Bette Peterson of Clovis has donated $10,000 each of the past two years to the League of Women Voters of Fresno for 10 scholarships for Fresno State and community college students with strong academics, financial need and interests in government, natural resources or social policy issues. Allow me to to tell you a bit about three of this year's recipients.
Raven Kapphahn is an African-American young lady and a junior at Fresno State. She was diagnosed in infancy as "failure to thrive," meaning she manifested an inadequate growth pattern. She was adopted at the age of 3 by older Caucasian parents who passed away while she was in high school. Left with no financial support, she has been resourceful in putting herself through college. She has defied the "failure to thrive" syndrome by developing into a robust, attractive person.
Raven has received a Presidential Scholarship, so her tuition and housing are paid for at Fresno State. She received a government scholarship that permitted her to study Arabic in Jordan. She also received a national scholarship to study abroad in Ghana.
She is determined to give back to the community that nourished her and has been on the leadership council at Fresno State for two years. She volunteers at Californians for Justice, an organization that works for equality for women and minorities. She is a member of the Renaissance Scholars Program which supports former foster youths and independent youths. Her hope is to become an international government officer who addresses Middle Eastern and North African social issues. Poised, articulate and gracious, Raven has shown remarkable strength and growth despite her difficult beginnings.
Kimberly Wheeler is a junior at Fresno State who was a teen mother and high school dropout who got married early and worked herself up to become manager of a group of restaurants. After a big promotion she knew she could do more and started her own business in Visalia focusing on children's entertainment.
During this time she earned her GED and knew she wanted to continue her education. Now the parents of five children, she and her husband decided to sell their business; while he went back to welding, she went back to waitressing so she could enroll at the College of the Sequoias to earn an associate's degree.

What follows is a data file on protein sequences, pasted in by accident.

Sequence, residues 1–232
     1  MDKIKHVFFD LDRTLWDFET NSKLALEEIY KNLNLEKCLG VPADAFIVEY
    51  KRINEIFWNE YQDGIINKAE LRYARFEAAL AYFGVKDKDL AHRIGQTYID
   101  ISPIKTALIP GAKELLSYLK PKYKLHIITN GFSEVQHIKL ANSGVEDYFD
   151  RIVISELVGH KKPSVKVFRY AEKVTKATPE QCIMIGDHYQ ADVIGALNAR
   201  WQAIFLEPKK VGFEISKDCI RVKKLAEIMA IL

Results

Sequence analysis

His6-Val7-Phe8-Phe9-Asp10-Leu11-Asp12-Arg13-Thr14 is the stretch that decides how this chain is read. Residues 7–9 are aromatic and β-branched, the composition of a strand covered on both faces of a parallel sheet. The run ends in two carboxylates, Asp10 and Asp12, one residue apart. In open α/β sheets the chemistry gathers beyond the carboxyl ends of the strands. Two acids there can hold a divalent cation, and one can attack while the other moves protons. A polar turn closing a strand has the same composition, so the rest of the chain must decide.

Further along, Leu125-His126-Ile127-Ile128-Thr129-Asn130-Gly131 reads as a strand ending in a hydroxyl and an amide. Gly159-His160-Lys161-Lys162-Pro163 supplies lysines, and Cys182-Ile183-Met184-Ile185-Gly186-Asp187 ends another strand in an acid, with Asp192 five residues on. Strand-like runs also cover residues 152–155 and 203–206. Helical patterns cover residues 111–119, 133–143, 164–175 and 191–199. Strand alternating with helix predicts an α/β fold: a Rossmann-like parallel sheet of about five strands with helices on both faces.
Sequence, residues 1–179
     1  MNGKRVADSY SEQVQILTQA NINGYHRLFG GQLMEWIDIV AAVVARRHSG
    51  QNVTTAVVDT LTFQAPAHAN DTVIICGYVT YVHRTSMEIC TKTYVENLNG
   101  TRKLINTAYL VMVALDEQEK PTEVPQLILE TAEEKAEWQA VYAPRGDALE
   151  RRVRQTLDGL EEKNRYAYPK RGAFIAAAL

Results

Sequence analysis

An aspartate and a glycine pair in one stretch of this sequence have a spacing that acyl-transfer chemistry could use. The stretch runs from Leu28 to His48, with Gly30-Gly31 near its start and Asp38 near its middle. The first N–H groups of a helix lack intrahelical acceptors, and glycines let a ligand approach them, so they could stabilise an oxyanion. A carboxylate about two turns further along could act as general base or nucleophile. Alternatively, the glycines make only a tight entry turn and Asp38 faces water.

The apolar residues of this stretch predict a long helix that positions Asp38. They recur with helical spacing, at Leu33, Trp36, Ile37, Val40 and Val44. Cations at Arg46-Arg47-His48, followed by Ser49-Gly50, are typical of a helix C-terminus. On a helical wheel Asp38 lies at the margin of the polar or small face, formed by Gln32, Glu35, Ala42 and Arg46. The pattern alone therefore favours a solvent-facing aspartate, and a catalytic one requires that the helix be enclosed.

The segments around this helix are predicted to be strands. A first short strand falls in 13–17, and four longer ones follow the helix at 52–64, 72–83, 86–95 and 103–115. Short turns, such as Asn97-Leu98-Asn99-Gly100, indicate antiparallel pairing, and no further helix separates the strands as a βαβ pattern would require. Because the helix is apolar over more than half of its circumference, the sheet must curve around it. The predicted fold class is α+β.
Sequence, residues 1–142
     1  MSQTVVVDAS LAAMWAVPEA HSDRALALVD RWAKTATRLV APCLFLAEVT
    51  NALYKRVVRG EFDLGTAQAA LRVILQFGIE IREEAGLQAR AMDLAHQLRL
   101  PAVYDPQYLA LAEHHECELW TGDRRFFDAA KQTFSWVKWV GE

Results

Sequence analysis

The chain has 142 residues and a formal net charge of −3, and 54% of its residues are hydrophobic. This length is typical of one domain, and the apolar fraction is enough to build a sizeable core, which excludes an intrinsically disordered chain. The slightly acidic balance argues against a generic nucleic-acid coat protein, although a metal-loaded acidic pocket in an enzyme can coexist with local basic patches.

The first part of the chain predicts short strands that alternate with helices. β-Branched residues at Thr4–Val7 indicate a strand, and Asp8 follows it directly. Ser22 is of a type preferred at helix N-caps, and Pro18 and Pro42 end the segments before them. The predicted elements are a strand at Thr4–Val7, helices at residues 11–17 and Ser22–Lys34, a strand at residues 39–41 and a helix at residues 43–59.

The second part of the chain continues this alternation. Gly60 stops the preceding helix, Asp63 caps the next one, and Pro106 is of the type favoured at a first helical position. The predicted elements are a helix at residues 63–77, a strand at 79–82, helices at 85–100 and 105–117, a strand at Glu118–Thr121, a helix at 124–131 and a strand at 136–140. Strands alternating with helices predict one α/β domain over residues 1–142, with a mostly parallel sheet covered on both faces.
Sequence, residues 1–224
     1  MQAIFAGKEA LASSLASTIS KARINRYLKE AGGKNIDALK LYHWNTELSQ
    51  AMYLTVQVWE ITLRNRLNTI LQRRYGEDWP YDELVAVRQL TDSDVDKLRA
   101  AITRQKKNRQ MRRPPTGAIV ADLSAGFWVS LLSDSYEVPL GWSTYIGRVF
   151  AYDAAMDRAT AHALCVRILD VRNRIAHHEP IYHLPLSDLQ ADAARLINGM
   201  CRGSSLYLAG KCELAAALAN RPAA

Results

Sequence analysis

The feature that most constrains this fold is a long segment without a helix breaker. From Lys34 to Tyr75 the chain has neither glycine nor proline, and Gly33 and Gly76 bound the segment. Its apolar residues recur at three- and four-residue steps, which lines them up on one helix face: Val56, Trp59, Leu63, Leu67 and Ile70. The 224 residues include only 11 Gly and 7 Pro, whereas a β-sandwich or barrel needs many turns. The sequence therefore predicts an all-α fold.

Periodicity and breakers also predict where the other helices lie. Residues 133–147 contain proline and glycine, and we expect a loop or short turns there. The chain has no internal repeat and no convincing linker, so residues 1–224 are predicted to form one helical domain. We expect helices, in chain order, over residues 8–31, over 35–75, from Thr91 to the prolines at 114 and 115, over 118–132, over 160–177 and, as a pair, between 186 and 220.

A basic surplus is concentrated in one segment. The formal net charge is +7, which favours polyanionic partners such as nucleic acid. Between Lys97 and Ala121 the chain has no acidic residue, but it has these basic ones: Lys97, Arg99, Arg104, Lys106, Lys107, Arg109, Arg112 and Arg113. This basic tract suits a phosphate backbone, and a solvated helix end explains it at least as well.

Kimberly is enrolled in a program leading to a degree in mass communication. She would like to work in politics or business public relations to have an influence on the world. A life complication arose when her husband had an accident recently that required spine surgery and left him temporarily unable to work. Their financial struggles will be eased a little bit with her scholarship.
Emily Haas is a Fresno City College student who plans to transfer to a four-year institution after she completes her studies in anthropology next year. She is such a good communicator and so skilled academically that even at this point in her career she was invited to present the results of anthropological research at a conference. Her academic references describe her as dedicated, insightful and thoughtful, having the potential to excel in her field and having a clear sense of purpose. In person she is charming, bubbly and charismatic.
Emily has provided community service since she was a young girl in Chicago, where she volunteered at homeless shelters. As a young teen she raised money to volunteer in several countries.
After graduating from high school she moved to Detroit to support community growth and development through maintaining community gardens and organizing food distribution to homeless people. In her move to Fresno she has continued to participate in civil justice activities and community development.
Francine M. Farber is a full-time community volunteer and the immediate past president of the League of Women Voters of Fresno.